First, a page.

“Hey, Chester. How’s Celia?”– the question barely out before she saw his face crumple. “Oh, god. I’m so sorry.”
She busied herself with pouring coffee and checking the creamer while he mumbled, “Thanks.”
He cleared his throat. “Um. You know that photo shoot you did last fall? Think I could have some of the prints?”
“Sure. Of course. Let me just see what I’ve got. I can let you know tomorrow, okay?”
“That’d be just fine.”
Back when the leaves had been turning bright yellow and red, she’d come out to the house and taken a slew of photos of the lab prancing around the yard. Carly called them motion studies for one of her mural projects. Celia, just seven and still full of zip, had cavorted about, flinging the tennis ball Carly had brought out like it was the best, most novel thing ever. Not like there weren’t already a dozen such scattered around the house, rolled under chairs and wedged into corners of his workroom– but this one was new. Plus Carly had brought it just for her; it was a present and therefore of utmost excitement.
That afternoon was preserved as a mental image tinged with autumnal gold, and he sincerely doubted Carly’s black and white snapshots could improve on it. Still, they’d show the dog he’d so adored, alive and romping, so he could hardly wait to lay hands on them.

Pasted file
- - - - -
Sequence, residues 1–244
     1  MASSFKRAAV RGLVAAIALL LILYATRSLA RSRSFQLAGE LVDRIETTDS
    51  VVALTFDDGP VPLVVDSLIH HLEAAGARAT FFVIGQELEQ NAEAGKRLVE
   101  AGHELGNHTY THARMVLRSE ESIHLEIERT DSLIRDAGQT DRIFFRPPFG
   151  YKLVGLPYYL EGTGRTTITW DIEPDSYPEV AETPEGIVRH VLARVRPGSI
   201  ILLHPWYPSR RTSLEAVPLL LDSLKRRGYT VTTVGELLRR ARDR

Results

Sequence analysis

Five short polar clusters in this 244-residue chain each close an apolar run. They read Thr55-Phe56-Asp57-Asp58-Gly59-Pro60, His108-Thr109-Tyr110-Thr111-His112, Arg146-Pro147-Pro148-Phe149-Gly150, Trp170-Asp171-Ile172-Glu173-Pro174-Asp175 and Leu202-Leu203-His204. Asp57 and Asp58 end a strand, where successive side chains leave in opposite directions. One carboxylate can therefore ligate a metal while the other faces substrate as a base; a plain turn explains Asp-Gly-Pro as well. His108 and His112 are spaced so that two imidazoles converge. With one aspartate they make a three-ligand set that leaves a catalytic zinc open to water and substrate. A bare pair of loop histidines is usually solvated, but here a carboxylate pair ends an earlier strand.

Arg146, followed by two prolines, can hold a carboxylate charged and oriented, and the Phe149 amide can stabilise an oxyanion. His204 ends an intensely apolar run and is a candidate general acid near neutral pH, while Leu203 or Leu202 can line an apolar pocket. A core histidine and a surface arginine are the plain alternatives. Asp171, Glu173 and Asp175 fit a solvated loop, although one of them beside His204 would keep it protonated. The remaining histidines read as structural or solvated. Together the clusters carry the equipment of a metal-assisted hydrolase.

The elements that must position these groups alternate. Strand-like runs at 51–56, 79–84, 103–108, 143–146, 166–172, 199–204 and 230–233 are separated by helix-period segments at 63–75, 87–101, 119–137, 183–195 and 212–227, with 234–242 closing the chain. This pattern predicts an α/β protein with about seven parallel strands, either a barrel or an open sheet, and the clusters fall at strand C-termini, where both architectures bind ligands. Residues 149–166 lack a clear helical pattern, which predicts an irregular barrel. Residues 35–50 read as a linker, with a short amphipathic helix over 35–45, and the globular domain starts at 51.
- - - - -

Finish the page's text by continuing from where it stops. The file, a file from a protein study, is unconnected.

“I appreciate it,” he said, just to be sure Carly knew he did.
On her way back behind the counter Carly jack-knifed in her tracks and went and secured the banging door.
He had been right about the coffee: it settled what the milk had failed to quell, all that sugary froth of cream and chocolate. And as he thought about holding those photos in his hands, his sternum warmed. The sense of something wanting lightened just a touch.
The second hand ground down like teeth, tonight a clot lobbed into a stream of clear evenings. Without fur or fleece, he couldn’t be herded forward. The coast was spoiling for collapse, snarled with nets and racked with waves. A boat rolled stalled offshore, its sail aflame and drifting. The rig was singed, but rain cracked the sky open and spun the craft like a pill in a dish. The dock was all knitted up with barnacles and kelp, foiling hopes of a clean landing.